Hillary’s Private Email Network Linked To Gov’t Officials

Neil Munro White House Correspondent
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Secretary of State Hillary Clinton hid her government activities from the public by using her private email network to communicate with her aides via their private, non-government email addresses.

During the Benghazi crisis, her secret private-to-private email network bypassed government openness and record-keeping laws.

The discovery of her secret network contradicts her March claim that copies of nearly all her official emails existed on other public officials’ government email records.

The secretive and possibly illegal actions could be a major problem for Clinton as she prepares to run for the presidency in 2016.

The private-to-private email network has been partially exposed by GOP inquiries into Clinton’s role before and after the successful 2012 jihadi attack on the U.S. consular site in Benghazi.

A batch of 300 emails requested by GOP congressional investigators “show that Mrs. Clinton’s top [government] aides at times corresponded with her about State Department matters from their personal email accounts,” The New York Times reported on March 23.

The discovery of the private-to-private email network is “raising questions about her recent assertions that she made it her practice to email aides at their government addresses so the messages would be preserved, in compliance with federal record-keeping regulations,” said The New York Times.

“It was my practice to communicate with State Department and other government officials on their .gov accounts so those e-mails would be automatically saved in the State Department system to meet record keeping requirements, and that, indeed, is what happened,” she said at a March 10 press conference held in New York.

The emails were described to The New York Times by “four senior government officials,” the newspaper said. The term “government officials” is broad enough to potentially include GOP legislators on the Hill and administration officials.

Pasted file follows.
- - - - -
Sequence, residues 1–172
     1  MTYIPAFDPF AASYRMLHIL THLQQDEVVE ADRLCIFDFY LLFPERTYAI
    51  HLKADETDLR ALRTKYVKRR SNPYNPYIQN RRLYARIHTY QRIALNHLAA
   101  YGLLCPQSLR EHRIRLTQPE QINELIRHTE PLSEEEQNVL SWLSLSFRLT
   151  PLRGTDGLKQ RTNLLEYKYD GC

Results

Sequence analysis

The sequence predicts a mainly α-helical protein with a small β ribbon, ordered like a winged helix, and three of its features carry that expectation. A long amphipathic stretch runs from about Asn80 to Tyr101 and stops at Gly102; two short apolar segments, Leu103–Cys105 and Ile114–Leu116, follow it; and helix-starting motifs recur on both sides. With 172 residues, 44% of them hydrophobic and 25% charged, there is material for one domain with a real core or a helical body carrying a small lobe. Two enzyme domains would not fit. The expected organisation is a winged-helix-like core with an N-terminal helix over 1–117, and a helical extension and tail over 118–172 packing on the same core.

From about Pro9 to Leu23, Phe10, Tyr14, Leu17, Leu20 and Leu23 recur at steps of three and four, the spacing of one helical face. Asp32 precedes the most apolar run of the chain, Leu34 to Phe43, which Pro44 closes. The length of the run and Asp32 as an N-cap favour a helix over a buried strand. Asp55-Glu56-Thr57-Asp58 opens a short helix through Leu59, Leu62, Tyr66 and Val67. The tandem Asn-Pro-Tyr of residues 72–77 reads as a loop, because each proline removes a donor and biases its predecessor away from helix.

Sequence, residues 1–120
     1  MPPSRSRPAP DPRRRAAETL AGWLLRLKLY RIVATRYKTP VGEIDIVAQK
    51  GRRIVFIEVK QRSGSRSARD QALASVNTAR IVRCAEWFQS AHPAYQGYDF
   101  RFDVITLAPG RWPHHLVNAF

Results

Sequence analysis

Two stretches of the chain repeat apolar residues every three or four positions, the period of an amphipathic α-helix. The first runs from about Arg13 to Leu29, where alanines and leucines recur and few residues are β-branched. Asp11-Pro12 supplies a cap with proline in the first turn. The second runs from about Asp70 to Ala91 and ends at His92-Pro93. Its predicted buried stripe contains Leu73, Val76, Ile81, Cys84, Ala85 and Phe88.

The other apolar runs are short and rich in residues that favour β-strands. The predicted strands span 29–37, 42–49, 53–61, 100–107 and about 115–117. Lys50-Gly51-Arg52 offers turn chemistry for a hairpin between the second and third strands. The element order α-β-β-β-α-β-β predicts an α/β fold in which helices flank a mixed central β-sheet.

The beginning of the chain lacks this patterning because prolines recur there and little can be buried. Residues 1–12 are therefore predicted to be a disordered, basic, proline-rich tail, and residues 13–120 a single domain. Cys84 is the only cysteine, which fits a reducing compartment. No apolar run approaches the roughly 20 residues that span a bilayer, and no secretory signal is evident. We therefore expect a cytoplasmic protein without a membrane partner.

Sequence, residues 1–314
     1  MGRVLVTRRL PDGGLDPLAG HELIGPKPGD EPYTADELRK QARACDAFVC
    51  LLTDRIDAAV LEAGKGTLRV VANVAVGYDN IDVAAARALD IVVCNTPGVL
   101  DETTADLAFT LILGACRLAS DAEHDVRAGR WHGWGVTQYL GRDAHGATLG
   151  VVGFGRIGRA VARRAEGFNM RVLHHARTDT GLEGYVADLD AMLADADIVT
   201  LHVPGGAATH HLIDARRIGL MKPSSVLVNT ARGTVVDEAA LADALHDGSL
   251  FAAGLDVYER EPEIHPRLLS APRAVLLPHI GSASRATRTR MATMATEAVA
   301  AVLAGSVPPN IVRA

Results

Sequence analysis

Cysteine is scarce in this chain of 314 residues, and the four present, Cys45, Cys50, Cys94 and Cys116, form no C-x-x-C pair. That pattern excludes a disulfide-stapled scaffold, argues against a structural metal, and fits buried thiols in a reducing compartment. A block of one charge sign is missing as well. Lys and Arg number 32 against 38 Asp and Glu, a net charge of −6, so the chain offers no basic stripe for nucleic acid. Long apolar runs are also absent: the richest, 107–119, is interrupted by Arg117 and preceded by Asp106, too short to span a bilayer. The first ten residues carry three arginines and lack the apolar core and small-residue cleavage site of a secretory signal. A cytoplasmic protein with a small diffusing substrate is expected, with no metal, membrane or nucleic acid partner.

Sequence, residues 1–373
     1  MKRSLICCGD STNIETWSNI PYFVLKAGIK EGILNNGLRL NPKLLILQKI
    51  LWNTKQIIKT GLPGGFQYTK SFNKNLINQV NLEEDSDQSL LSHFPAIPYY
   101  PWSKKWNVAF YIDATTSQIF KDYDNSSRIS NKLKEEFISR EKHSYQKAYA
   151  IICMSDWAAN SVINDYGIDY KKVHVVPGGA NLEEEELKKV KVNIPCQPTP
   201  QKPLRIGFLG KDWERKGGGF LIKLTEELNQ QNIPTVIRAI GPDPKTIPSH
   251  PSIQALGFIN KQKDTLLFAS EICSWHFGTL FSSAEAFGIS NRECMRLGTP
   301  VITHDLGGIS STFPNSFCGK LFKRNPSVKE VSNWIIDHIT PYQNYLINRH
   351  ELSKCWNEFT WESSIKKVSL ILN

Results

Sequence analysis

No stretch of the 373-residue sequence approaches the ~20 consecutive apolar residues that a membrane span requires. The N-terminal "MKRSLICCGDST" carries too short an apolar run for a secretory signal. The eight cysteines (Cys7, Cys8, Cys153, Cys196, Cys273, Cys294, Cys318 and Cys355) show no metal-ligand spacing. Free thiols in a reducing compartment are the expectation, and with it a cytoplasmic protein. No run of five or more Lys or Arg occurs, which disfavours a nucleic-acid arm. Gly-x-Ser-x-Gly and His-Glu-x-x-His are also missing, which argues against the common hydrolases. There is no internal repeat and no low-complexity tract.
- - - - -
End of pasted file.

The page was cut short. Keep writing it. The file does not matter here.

Those 300 emails, however, are only 1 percent of the 30,000 emails that Clinton provided to the State Department in 2014 at the insistence of GOP investigators.

Clinton also said her staff deleted more than 30,000 emails stored on her personal server, without allowing government officials to check if the emails were part of her official work at the State Department.

The New York Times article described one email exchange that took place in October 2012, just after GOP legislators questioned a top State Department official about the attack.

“Did we survive the day?” Clinton asked one of her deputies in an email later that day.

“Survive, yes,” the aide responded.

The jihadis’ 2012 Benghazi attack killed four Americans and prompted President Barack Obama to pull U.S. officials out of Libya.

He withdrew the diplomats, CIA officials and guard forces even through he had used the U.S. Air Force and U.S. Navy’s aircraft to destroy the Libyan government in 2011.

Since 2012. jihadi forces have taken over much of Libya from the new and weak central government. The jihadis recently murdered 21 Christians on Libya’s coast and say they will attack targets in Europe and various African countries.

The Libyan crash is only one aspect of Obama’s failed diplomatic and strategic outreach to Islamic groups in Egypt, Syria, Yemen and other countries.

Obama had hoped the empowered Islamist groups, led by the Muslim Brotherhood, would counter jihadi groups in the Middle East, promote political stability via democracy and reduce the need to deploy U.S. forces in Iraq and Afghanistan.

Instead, his strategy weakened anti-Islamic autocrats and strengthened jihadi groups in Iraq, Syria,  Yemen, Nigeria and other countries.

Those other countries included Libya, where the jihadi groups attacked the U.S. diplomatic site, even though the new government’s security services were led by a Muslim Brotherhood leader.

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